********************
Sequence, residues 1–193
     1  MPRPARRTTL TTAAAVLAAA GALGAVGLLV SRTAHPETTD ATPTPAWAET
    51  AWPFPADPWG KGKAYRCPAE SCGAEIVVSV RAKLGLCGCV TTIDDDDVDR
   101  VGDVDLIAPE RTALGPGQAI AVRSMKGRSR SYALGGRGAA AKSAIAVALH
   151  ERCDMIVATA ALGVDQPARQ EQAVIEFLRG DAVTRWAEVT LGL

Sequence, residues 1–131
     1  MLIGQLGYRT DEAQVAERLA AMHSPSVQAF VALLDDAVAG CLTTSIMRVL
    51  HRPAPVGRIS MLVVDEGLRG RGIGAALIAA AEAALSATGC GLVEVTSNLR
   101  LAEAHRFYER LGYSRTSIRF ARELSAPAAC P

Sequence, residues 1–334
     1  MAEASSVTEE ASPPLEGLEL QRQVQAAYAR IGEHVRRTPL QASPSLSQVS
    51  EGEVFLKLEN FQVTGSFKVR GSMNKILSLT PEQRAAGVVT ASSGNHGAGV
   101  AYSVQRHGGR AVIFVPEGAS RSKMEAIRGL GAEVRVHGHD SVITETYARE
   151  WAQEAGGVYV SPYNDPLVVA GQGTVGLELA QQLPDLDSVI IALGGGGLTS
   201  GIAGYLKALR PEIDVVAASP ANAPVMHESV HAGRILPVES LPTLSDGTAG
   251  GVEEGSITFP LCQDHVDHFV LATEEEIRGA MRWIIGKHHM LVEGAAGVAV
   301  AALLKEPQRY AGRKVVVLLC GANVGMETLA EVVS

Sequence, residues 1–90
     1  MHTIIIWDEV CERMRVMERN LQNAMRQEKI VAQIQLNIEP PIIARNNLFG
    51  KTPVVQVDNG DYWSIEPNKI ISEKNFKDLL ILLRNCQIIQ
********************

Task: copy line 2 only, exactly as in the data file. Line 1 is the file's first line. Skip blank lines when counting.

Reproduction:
     1  MPRPARRTTL TTAAAVLAAA GALGAVGLLV SRTAHPETTD ATPTPAWAET